75% of Aussies ‘concerned’ about climate change, 80% want climate considered before fossil fuel project approval

Image: The number of people “very concerned” about climate change continues to increase, according to the report.(Supplied: Australia Institute)

Report shows growing number of Australians believe climate change effects already being felt

By regional climate reporter Jess Davis

Over the past 15 years, Australians have weathered myriad climate-related disasters including catastrophic bushfires, devastating droughts, and now destructive floods.

It is perhaps unsurprising that new research shows people’s attitudes towards climate change have shifted as they have been exposed firsthand to the impacts of a warming planet.

Those attitudes have been mapped out in the annual Climate of the Nation report, which began in 2007 and is now conducted by internet-based market research firm YouGov for think tank The Australia Institute.

According to the latest Climate of the Nation report, Australians have become more worried about the effects of climate change with 75 per cent of respondents concerned and that number rising to 84 per cent among 25 to 34-year-olds.

Climate impacts already being felt

One of the most dramatic shifts to have occurred over the past few years has been people’s belief that climate was already having impacts, with more than half believing we are experiencing the impacts “a lot”, up from 33 per cent in 2016.

Only 6 per cent of Australians believe we are not experiencing climate change impacts at all.

In 2018, only 39 per cent of people believed that heatwaves and extremely hot days were being driven by climate change. That number has risen to 52 per cent.

There were similar results for questions about climate change’s impacts on droughts, floods, and bushfires.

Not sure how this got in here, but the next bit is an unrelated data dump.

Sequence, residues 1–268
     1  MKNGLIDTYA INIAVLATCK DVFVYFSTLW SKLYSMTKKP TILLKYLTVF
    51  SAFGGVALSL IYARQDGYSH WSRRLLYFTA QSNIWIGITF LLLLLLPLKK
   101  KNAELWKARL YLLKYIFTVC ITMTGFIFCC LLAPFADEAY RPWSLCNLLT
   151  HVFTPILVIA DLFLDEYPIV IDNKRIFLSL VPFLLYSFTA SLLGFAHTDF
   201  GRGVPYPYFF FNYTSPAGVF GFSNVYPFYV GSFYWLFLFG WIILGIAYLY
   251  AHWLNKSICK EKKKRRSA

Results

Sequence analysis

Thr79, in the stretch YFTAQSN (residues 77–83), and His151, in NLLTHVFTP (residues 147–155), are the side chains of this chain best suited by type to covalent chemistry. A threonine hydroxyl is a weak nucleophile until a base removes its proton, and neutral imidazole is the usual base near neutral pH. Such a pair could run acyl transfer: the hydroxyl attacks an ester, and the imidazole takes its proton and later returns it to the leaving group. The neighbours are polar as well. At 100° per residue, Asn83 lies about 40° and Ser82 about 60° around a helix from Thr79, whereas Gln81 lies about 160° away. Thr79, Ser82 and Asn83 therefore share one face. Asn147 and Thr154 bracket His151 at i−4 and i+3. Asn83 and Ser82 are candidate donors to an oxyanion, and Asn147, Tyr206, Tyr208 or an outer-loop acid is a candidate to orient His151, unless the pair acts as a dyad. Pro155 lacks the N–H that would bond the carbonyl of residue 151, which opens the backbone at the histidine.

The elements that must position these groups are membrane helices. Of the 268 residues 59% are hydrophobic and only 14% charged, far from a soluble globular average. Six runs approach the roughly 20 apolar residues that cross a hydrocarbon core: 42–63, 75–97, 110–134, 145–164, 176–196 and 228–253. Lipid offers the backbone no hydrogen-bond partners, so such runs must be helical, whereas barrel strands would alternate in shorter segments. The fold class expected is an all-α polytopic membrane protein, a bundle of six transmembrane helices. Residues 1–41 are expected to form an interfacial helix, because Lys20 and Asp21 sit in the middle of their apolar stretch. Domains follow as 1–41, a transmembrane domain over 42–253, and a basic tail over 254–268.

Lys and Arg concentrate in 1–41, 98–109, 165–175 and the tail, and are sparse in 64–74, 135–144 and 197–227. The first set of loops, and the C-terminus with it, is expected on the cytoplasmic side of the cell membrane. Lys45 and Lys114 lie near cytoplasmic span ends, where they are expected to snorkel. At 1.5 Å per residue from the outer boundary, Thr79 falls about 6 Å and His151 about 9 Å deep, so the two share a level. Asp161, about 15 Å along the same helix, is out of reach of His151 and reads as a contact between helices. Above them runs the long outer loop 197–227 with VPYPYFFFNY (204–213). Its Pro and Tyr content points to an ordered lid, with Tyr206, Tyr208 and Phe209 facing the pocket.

The majority of Australians were also concerned that climate change would result in more droughts, floods, bushfires, and other extreme weather events.

A man with dark hair and a short beard wearing glasses and a blue suit jacket over a collared business shirt
The Australia Institute director of climate and energy Richie Merzian says concern over climate impacts is at a record high.(ABC News: Tahlia Roy)

“As flood waters continue to rise at record levels, so too does the number of Australians worried about climate change impacts with concern over floods at record highs,” The Australia Institute’s director of climate and energy, Richie Merzian, said.

“As the climate minister prepares to front the world at COP27 in Egypt, he can feel confident that most Australians want the nation to be a world leader on climate action and two-thirds want to host a United Nations Climate Conference on home soil.”

Conflicting opinions muddy waters

High school students gather with protest signs about climate change
Protesters gather during a School Strike 4 Climate protest outside then-treasurer Josh Frydenberg’s office in Melbourne on May 13, 2022.(AAP: James Ross)

The report found “conflicting opinions and perceived exaggerated claims about the impact of climate change continue to muddy the waters when it comes to some Australians’ attitudes to climate change”.

And despite concern about the impact of climate change, 30 per cent of respondents believed the seriousness was exaggerated, although it said that perspective tended to line up with party political affiliations.

Sixty-six per cent of One Nation voters believed the seriousness of climate change was exaggerated, compared with 12 per cent of Greens voters, 21 per cent of Labor voters, 47 per cent of Coalition voters, and 33 per cent of other voters.

The Australian Greens have been calling for climate impacts to be part of any fossil fuel project approval by the federal environment minister, known as a “climate trigger”.  An overwhelming 80 per cent of respondents said they would be in favour of such a policy.

A tractor drives through floodwaters, with a pile of sandbags in the foreground.
Only 6 per cent of Australians don’t believe they are experiencing climate change impacts at all.(ABC News: Gavin Coote)

Respondents were also asked whether they supported a windfall profits tax on the oil and gas industry, with 61 per cent behind the idea and only one-fifth opposing it.

“The Climate of the Nation report shows Australians are fed up with the mismanagement of the country’s natural resource wealth and want a windfall profits tax on the gas industry and a levy on our fossil fuel exports to help pay for climate related disasters,” Mr Merzian said.

“Australians are dealing with the high-cost consequences of relying on gas and coal power and three quarters want the government to step in and plan the shift to renewables and storage.”

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